23. 23. Poliomyelitis and ALS • Diseases causing destruction of motor neurons and skeletal muscle atrophy • Poliomyelitis caused by poliovirus spread by fecally contaminated water – weakness progresses to paralysis and respiratory arrest • Amyotrophic lateral sclerosis – sclerosis of spinal cord due to astrocyte failure to reabsorb glutamate neurotransmitter – paralysis and muscle atrophy 13-23
  24. 24. Anatomy of a Nerve • A nerve is a bundle of nerve fibers (axons) • Epineurium covers nerves, perineurium surrounds a fascicle and endoneurium separates individual nerve fibers • Blood vessels penetrate only to the perineurium 13-24
  25. 25. Anatomy of Ganglia in the PNS • Cluster of neuron cell bodies in nerve in PNS • Dorsal root ganglion is sensory cell bodies – fibers pass through without synapsing 13-25
  26. 26. Spinal Nerve Roots and Plexuses 13-26
  27. 27. The Spinal Nerves • 31 pairs of spinal nerves (1st cervical above C1) – mixed nerves exiting at intervertebral foramen • Proximal branches – dorsal root is sensory input to spinal cord – ventral root is motor output of spinal cord • Distal branches – dorsal ramus supplies dorsal body muscle and skin – ventral ramus to ventral skin and muscles and limbs – meningeal branch to meninges, vertebrae and ligaments 13-27
  28. 28. Branches of a Spinal Nerve • Each has dorsal and ventral ramus. 13-28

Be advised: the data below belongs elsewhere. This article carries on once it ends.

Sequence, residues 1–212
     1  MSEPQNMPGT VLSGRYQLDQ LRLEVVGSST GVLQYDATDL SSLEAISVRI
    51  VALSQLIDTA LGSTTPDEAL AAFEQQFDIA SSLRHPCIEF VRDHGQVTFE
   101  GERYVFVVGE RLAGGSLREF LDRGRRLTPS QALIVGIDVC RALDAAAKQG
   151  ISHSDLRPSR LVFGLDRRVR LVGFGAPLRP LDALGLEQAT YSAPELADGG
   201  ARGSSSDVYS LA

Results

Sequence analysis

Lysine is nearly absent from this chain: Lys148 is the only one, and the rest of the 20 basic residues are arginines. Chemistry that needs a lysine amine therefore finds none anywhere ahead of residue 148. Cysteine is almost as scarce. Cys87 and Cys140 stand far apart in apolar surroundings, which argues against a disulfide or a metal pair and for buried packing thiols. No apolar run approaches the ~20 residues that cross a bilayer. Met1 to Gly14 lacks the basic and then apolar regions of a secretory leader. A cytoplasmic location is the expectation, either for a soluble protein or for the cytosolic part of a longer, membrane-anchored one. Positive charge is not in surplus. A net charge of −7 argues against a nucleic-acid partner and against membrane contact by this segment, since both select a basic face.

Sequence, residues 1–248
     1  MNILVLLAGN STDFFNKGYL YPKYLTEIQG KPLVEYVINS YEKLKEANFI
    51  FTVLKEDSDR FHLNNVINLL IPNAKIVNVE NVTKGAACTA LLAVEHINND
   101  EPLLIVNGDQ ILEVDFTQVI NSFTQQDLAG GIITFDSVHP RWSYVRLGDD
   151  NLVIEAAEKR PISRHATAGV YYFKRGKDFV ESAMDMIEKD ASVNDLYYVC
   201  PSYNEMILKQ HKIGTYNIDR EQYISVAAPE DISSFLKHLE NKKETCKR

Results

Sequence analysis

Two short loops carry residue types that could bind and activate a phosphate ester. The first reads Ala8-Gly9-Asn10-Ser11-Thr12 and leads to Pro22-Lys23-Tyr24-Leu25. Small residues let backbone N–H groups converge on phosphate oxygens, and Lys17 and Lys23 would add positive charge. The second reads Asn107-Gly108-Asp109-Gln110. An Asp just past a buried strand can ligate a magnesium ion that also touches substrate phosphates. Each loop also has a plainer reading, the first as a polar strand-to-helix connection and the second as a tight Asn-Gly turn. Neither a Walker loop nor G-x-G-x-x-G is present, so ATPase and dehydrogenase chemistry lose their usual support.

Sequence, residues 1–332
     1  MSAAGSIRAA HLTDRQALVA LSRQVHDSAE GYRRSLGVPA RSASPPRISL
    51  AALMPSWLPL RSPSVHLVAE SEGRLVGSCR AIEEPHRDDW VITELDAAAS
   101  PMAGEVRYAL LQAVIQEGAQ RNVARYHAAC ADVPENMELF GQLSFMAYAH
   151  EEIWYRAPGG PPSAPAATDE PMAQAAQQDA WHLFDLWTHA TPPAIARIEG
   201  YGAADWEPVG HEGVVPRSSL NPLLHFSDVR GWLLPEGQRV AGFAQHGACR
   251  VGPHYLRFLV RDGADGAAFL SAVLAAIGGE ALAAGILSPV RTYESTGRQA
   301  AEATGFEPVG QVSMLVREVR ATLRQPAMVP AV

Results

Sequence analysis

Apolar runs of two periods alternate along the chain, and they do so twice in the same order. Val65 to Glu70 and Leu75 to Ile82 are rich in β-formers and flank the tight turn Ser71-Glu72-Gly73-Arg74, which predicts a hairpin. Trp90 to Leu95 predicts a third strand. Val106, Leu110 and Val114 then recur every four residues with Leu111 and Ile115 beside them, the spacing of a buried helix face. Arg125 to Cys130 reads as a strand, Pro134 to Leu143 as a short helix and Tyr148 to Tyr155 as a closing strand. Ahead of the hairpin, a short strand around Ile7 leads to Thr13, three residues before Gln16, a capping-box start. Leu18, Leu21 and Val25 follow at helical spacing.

29. 29. Rami of Spinal Nerves • Notice the branching and merging of nerves in this example of a plexus 13-29
  30. 30. Shingles • Skin eruptions along path of nerve • Varicella-zoster virus (chicken pox) remains for life in dorsal root ganglia • Occurs after age 50 if immune system is compromised • No special treatment 13-30
  31. 31. Nerve Plexuses • Ventral rami branch and anastomose repeatedly to form 5 nerve plexuses – cervical in the neck, C1 to C5 • supplies neck and phrenic nerve to the diaphragm – brachial in the armpit, C5 to T1 • supplies upper limb and some of shoulder and neck – lumbar in the low back, L1 to L4 • supplies abdominal wall, anterior thigh and genitalia – sacral in the pelvis, L4, L5 and S1 to S4 • supplies remainder of lower trunk and lower limb – coccygeal, S4, S5 and C0 13-31
  32. 32. The Cervical Plexus 13-32
  33. 33. The Brachial Plexus 13-33
  34. 34. The Lumbar Plexus 13-34
  35. 35. The Sacral and Coccygeal Plexuses 13-35
  36. 36. Some Facts • Human Nervous System: – 31 pairs of spinal nerves • Divided into cervical, thoracic, lumbar and sacral levels – Spinal nerves impose segmentation; actual cord consists of columns of cells – Innervation of body is segmented (dermatomes)
  37. 37. Cutaneous Innervation and Dermatomes • Each spinal nerve receive sensory input from a specific area of skin called dermatome • Overlap at edges by 50% – a total loss of sensation requires anesthesia of 3 successive spinal nerves 13-37
  38. 38. • STOP HERE 13-38